Wednesday, 4 November 2015

The Screenwriter's Daughter @ The Leicester Square Theatre

In his latest play, writer Larry Mollin focuses his attention on renowned screenplay writer Ben Hecht – responsible for the likes of Gone With The Wind and a number of Hitchcock films amongst others. Hecht was frequently uncredited for his work and was blacklisted in the UK during the 40s and 50s for political activism. His daughter Jenny, meanwhile, carried his mantle into the 60s as an actress working with the Living Theatre company - a girl with free-spirited political views, a child of her time. The Screenwriter’s Daughter fittingly brings these two characters together, detailing the narrative of their relationship.

So what we have is a writer writing about a writer. It’s almost too obvious that proceedings all get a little too clever. Mollin litters his script with quotes from Hecht’s films, theatrical and cinematic terms and language, and a thorough shattering of the fourth wall. It’s as if the characters are consciously players in a show but are incapable of escaping the script that’s been written for them, their destiny that’s already become history.

That’s one of the main issues with The Screenwriter’s Daughter. The tragic ending is inevitable, even for those who may not be familiar with the lead figures. Yet Mollin fails to draw any dramatic tension out of their lives, so there’s little reason for the audience to emotionally invest in these characters. Further, Anna Ostergren’s basic direction does little to elevate the script. The set divides the stage into two areas – a bed and a study – and the narrative essentially boils down to a series of acted out phone calls. It’s heavy on the dialogue, with no visual changes, very little music, and the peripheral characters simply standing and reciting their lines.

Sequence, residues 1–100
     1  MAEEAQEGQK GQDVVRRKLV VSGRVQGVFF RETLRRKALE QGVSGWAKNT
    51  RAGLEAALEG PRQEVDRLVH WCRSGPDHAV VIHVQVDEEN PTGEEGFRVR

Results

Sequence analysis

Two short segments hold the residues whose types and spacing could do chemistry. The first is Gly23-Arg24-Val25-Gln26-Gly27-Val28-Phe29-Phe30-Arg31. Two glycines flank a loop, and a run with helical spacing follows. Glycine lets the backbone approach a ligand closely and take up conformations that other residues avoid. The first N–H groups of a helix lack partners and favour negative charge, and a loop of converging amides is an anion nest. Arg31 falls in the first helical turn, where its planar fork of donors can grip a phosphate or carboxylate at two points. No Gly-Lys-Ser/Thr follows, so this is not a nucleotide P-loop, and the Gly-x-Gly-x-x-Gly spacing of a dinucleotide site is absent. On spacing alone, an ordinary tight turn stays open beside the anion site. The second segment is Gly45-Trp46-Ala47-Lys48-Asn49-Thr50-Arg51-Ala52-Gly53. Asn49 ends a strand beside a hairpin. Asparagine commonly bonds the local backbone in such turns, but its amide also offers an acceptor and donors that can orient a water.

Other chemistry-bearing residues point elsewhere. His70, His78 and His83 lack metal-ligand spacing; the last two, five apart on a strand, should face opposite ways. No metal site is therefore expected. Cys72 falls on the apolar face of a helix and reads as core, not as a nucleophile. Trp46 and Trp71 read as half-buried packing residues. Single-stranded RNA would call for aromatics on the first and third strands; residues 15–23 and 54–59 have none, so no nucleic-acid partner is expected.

Mollin’s script does at least differentiate between the two lead characters through clever dialogue. Hecht’s speech is full of Hollywood jargon, whilst his daughter’s overblown words are those of a naïve dreamer, clearly highlighting the juxtaposition of their opposing views. The performances, too, reflect this – Paul Easom is a charming and naturalistic father figure, although Samantha Dakin doesn’t quite display the eccentricities of an anarchic revolutionary.

Strip the historical context, though, and what’s left is little more than a tragic tale of a young girl rebelling against her overbearingly protective father. What could have been an interesting look at a major player in cinematic history is instead rather tedious.


Watch: The Screenwriter’s Daughter runs at the Leicester Square Theatre until 29th November.

Photo: Henika Thompson